I am Murfreesboro News' current featured artist for their Love Local section, go check it out. :)
My piece "Tiny Industry" has been accepted into the Nashville Tiny Art Gallery #2. It will be installed in time for the Nashville Art Crawl this Saturday, May 2nd from 6pm-9pm. Can't give a location, you'll have to use the website to scavenger hunt for it. Also, not sure how long it will be on display, more details to come. :)
I found out upon arrival this Saturday that I could not only display my three pieces as previously discussed, but I could also set up what I wanted to sell. Luckily, I had all of my things packed and ready to go from the Vinyl Fair earlier this month, so I could be ready to go in 15 minutes. A challenge, but I'm glad I could share my work with so many people. :)
Yes, that title is the name of the piece. Etymology is the study of words and their origins. Entomology is the study of insects. And as I mix those up frequently, I have created a piece that incorporates them both. Each section has an illustration of an insect that represents something in various cultures.
The first section has a moth which is a symbol of knowledge within the Yaqui Indians tribe of Mexico. Because of that, the moth illustration gets the skull and Cogito, Latin for "The intellectual processes of the self or ego."
The middle section has an illustration of a ladybug. In some Chinese folklore, seeing a ladybug means that finding love is likely. So the ladybug gets the rib cage that would house a heart. It also gets Sentio, Latin for "to feel".
The last section is a bee, a common symbol of industry and hard work. The gets the hands and the Latin word for "to make"; Facio.
And that is Ety(ento)mology. A way too-complicated meaning behind a simple piece.
Last week was a string of activities constantly to prepare for the Vinyl Fair and other shows. I think that I got a good start on things, but with that being my first booth, I had to start from nothing. Everyday after school was working on getting things ready until I went to bed. So I am taking a few days off from art. :)
Just an update for curious readers who are used to seeing me post something daily, that's where I am. I did get some awesome "art supplies" from my parents during my Easter visit. My dad showed me where the owls live and I got a nice collection of mouse skulls and a beaver skull (not eaten by an owl, I hope). So I hope I can incorporate those into some neat new pieces soon.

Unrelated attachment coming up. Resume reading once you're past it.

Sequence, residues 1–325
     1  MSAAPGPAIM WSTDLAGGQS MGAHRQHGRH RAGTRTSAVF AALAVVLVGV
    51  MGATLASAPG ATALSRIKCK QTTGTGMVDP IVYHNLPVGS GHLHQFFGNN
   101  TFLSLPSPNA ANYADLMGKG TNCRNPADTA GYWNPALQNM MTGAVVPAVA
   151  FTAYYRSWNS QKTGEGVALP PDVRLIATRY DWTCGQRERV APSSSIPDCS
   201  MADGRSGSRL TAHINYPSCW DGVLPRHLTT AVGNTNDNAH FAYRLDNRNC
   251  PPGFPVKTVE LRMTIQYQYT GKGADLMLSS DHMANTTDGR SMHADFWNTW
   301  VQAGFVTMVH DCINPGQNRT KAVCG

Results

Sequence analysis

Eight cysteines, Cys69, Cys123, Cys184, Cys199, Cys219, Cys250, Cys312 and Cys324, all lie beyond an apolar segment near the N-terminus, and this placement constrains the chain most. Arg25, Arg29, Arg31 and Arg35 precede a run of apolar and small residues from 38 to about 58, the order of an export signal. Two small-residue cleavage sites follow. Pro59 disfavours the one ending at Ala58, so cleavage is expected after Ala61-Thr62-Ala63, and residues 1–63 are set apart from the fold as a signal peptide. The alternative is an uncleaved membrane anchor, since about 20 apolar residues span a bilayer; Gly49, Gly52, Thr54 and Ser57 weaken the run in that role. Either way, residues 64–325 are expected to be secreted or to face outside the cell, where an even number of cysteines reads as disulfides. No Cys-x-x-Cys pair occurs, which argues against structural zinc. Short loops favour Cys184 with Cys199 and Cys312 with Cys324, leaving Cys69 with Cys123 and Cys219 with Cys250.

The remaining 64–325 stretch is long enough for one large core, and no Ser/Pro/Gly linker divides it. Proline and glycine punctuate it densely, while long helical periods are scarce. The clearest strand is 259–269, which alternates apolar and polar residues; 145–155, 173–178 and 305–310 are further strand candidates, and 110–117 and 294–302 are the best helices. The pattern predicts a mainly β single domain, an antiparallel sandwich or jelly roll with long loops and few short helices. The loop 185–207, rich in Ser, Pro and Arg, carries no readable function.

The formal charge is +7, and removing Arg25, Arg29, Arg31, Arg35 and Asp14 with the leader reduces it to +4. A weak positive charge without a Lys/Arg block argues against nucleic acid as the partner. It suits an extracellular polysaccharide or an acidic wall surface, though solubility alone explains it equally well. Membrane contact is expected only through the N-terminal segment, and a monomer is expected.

Posted by Beth Moore at 7:13 AM
As a way to spread the word about my booth at the WMTS Vinyl fair this weekend, I did a few "art drops" around town this week. An art drop is where an artist leaves an artwork somewhere in public, takes a photo, and posts it to social media for others to find. I also posted some clues about the location so that others could find them. Each artwork had information about me and my work on the back so that people could easily look me up if they had inquiries. Hopefully they found good homes. :)
A second in my Mythological Creatures series, the Gamayun is from Russian folklore and is described as a "prophetic bird with the head of a woman".
My Gamayun began as a foam bird and a chunk of clay. I molded the lady head onto the bird body and was mildly impressed with my skills (I can't remember the last time I seriously worked with clay).
I painted the clay to have her skin match the bird's belly tone and added some red doll hair to match the feathers. Although it is not super realistic, I am pretty happy with it.
I attached her to a stick and attached the stick to a round wooden base. As with the Wendigo piece, I added a copper name plate to the base as well.
A few of my works will be on display during the Boro Fondo Tour this year. Visit their website for more details on the event. It is essentially a self-guided bike tour of the Murfreesboro area with stops along the way to view art and listen to local bands playing.
From their website:
Boro Fondo is a bike tour, music festival and celebration of local music and home-grown arts in our own Murfreesboro, TN. Spanning April 25th and 26th, the second annual Boro Fondo brings twice the fun and all the great rides and music you expect!
My works will be at the Monster Ranch House at 214 Womack Ln., but also check other locations for more local art works:
Churchyard at 1723 Old Lascassas (no link)
This is the first piece in a new Mythological Creatures series. I'll be tagging them under the "Literary" category if you are searching by theme, since they are all based on stories.
The Wendigo is a fairly common creature in folklore, originating from stories of the Algonquian people. It is supposedly what a human can turn into when he practices cannibalism for an extended period. While images of the Wendigo vary, they usually include elongated limbs and antlers.
Mine began as a small plastic skeleton. I added red clay to build up areas as skin and to hold things in place.
I added two twigs as antlers on his head.
He is affixed to a wooden circle base with a copper name plate.
I love the faux taxidermy element of this. It's like I snatched the little guy from the forest and mounted him on the pedestal. :D
A simple piece: Wooden frame, written letter background, found metal piece, inscription on copper, and a chicken.
The metal piece was found on my parents' farm. Not sure what it is, but I enjoy it.
"La Mal Du Pays" is a French phrase translating to our "homesick".
And a little plastic chicken makes it all the more "homely".